Functional, Structural Differences in TBI, PTSD Detected with Neuroimaging

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the Neurology Advisor take:

Although traumatic brain injury (TBI) and post-traumatic stress disorder (PTSD) are often comorbid, an imaging technique may help to differentiate them, ultimately making diagnosis and treatment more clear.

Single photon emission computed tomography (SPECT) has greater sensitivity and therefore can detect subtle changes and abnormalities seen in TBI and mild TBI — including perfusion deficits, diffuse axonal injury, and changes in functional anatomical connections — and PTSD, which may present with volumetric and perfusion changes in the amygdale, corpus callosum, insula, anterior cingulum, and hippocampus.

Daniel G. Amen, of Amen Clinics, and colleagues conducted SPECT scans on two large groups of neuropsychiatric patients and controls. Group 1 consisted of 104 people with TBI, 104 with PTSD, and 73 with both disorders, who were compared to each other and 116 healthy controls. Group 2 consisted of 7,505 patients with TBI, 1,077 with PTSD, 1,017 with both, and was compared to 11,147 with neither disorder. ROIs and visual readings (VR) were analyzed for sensitivity, specificity, and accuracy.

In Group 1, baseline and on-task ROI and VRs showed that SPECT had high levels of accuracy in differentiating PTSD, TBI, and PTSD+TBI conditions. The group, which was closely matched, was separated with 100% sensitivity, specificity, and accuracy for ROI and 89% of greater for VRs. While Group 2 had lower sensitivity, accuracy, and specificity, however rates were still clinically relevant.

Compared to patients with TBI, those with PTSD had increases in the limbic regions, cingulum, basal ganglia, insula, thalamus, prefrontal cortex, and temporal lobes.

“Research into the use of SPECT has demonstrated its clinical utility for both the improved detection of TBI and the delineation of the neural circuitry underlying PTSD, offering the potential of this modality to identify functional biomarkers useful in differential diagnosis,” the authors wrote in PLoS One. “The question remains as to whether SPECT can distinguish PTSD from TBI or the comorbid presence of both. The ability to address this question is complicated by the differences between these conditions in military versus general populations which may be due to mechanisms of injury in addition to other factors.”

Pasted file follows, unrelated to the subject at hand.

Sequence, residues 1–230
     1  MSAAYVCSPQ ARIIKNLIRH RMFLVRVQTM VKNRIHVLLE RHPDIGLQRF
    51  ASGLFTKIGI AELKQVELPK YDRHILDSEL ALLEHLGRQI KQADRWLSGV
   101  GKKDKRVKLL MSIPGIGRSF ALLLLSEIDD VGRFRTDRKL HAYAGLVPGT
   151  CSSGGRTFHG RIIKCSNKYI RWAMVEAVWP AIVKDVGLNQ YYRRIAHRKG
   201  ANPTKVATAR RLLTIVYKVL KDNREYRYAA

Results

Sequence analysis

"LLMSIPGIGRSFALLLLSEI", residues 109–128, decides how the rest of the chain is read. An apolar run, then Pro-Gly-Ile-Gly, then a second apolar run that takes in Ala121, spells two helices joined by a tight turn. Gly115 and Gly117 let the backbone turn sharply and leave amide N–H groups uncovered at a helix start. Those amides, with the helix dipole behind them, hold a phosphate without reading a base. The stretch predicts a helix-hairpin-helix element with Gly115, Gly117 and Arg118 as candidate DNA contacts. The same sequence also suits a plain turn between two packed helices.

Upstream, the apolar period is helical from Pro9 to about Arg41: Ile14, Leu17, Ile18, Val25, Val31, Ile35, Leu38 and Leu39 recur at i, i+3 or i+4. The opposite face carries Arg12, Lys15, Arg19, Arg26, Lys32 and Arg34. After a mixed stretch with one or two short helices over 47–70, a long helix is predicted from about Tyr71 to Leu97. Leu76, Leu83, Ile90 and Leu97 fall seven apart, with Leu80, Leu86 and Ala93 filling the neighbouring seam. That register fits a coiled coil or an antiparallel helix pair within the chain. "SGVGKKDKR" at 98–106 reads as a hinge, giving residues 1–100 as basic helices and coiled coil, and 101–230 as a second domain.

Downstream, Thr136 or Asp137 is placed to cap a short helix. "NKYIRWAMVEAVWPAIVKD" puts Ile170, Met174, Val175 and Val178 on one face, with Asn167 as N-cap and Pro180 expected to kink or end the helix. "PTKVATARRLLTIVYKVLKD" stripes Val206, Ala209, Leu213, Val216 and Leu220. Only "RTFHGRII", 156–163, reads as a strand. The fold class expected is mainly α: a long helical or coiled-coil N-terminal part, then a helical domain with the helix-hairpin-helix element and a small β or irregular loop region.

4. Diagnostic Challenges
Functional, Structural Differences in TBI, PTSD Detected with Neuroimaging

Traumatic brain injury (TBI) and posttraumatic stress disorder (PTSD) are complex, commonly comorbid disorders in which clinical symptoms often overlap, creating challenges in diagnosis and treatment. Advanced neuroimaging techniques are providing insights into underlying pathological and physiological changes, and biomarker studies offer the potential to differentiate these disorders at acute stages, when interventions have the greatest potential to yield effective outcomes.

Structural imaging in acute TBI is indicated for the identification of skull fractures, contusions and bleeds, but computed tomography (CT) or magnetic resonance imaging (MRI) typically do not demonstrate the subtle abnormalities associated with TBI including perfusion deficits, diffuse axonal injury and alterations in functional anatomical connections.

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